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U.S. Asks to Stay Briefing Schedule and for a Word Count Extension in U.S. v. Auernheimer (weev) Appeal

U.S. v. Auernheimer, No. 13-1816,  requesting permission to exceed the normal word limit for an opposition brief on appeal.  The normal limit for an opposition brief is 14,000 words.  The motion states that  “[t]he [appellant’s] brief raises serious substantive challenges to the Government’s prosecution of Mr. Auernheimer, and several of the legal issues raised are questions of first impression in this Circuit.”  The motion also notes that four amicus briefs on behalf of appellant Andrew Auernheimer (weev) were filed. Therefore, the government argues, they should be permitted to file a brief containing 26,500 words and the briefing schedule should be stayed until the Court decides the motion.  Here’s the motion: US Mot for Word Extension 8.6.13 (TE)]]]]> ]]>

Road to Nowhere

In Liminae: The Road to Nowhere

It takes us about six hours to drive to the rural state jail (that’s owned by two judges) the Feds contracted with to hold our client. Accused of computer crimes, he can’t effectively review evidence in jail – there’s no practical access to computers in the gulag. They’ve seized all his assets claiming they’re the ill-gotten gains of crimes the government can’t identify, and their computer forensics – if you can call them that – have no scientific basis and are full of basic errors and typos. In my decade as a federal criminal defense lawyer doing computer cases across the country, I’ve never come across a case where the government was so completely off.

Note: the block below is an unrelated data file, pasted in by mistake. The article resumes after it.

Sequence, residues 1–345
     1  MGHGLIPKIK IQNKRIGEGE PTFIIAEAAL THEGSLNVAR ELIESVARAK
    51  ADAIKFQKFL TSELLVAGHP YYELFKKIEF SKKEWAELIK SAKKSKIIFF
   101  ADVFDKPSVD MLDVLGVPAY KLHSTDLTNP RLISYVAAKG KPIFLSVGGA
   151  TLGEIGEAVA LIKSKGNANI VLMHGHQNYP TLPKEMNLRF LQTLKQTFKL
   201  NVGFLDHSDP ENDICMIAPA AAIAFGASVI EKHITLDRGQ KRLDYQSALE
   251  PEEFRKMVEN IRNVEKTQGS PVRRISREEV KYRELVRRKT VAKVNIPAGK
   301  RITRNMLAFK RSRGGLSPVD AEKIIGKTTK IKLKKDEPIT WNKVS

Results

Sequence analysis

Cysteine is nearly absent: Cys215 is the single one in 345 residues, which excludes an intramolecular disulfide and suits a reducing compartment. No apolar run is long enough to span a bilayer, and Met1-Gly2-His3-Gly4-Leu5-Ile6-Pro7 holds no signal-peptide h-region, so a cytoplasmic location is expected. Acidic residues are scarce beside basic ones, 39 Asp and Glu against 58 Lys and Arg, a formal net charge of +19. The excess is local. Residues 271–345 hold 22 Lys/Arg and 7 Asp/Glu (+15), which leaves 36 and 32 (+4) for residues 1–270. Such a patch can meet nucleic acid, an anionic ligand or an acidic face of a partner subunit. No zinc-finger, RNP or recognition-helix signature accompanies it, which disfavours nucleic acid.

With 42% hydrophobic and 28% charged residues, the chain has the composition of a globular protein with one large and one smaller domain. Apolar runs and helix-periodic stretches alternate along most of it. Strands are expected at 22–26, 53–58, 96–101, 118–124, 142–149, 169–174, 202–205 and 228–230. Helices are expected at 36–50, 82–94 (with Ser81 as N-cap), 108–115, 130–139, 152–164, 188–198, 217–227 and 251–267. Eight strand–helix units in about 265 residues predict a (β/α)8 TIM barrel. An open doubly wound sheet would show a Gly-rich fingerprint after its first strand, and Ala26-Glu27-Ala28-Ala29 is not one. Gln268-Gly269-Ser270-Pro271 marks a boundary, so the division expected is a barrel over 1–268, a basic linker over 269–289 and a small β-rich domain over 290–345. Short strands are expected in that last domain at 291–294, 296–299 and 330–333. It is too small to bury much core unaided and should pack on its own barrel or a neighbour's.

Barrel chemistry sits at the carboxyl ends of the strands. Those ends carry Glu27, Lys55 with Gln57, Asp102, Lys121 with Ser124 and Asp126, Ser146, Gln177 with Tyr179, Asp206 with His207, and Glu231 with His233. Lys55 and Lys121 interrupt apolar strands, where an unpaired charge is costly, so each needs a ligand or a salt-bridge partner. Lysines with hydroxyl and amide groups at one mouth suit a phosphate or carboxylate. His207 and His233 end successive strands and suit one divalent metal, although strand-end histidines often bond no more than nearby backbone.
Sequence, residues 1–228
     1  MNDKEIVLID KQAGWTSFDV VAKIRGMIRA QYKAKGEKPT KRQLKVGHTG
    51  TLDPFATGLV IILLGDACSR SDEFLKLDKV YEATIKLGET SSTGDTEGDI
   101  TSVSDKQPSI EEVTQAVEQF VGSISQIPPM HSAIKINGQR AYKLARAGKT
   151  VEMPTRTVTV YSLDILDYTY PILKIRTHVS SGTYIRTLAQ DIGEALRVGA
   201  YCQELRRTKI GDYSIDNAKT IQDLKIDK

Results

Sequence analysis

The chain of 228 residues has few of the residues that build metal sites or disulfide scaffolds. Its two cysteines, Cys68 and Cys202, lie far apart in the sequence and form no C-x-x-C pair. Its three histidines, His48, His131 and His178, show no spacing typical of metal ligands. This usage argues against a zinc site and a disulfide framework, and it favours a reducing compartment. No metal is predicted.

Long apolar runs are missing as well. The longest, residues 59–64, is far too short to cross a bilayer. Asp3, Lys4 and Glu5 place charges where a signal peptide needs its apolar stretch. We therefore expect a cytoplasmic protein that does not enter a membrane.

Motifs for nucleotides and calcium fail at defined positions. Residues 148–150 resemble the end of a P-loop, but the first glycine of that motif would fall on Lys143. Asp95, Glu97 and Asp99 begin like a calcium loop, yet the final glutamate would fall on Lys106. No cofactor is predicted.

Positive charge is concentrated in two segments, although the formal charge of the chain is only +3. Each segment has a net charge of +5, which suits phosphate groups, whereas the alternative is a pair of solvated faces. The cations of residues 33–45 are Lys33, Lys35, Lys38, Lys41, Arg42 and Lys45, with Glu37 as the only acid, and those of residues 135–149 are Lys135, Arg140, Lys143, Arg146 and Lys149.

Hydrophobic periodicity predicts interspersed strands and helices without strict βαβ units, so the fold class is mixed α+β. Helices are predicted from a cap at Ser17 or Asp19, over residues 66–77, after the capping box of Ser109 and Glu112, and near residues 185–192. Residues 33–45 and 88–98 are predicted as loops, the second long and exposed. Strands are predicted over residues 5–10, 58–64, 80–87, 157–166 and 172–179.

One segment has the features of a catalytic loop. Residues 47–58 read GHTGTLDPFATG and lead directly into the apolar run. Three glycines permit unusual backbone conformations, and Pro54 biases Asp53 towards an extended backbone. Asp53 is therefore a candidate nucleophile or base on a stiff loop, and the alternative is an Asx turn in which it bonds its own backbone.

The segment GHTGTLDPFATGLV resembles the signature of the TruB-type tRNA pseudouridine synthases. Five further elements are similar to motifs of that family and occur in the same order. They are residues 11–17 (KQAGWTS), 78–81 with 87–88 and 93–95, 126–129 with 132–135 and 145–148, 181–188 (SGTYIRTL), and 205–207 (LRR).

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Guilty Until Proven Innocent

A defendant’s view from the trenches of federal criminal court This post is originally published to Substack. You can read and follow us there.

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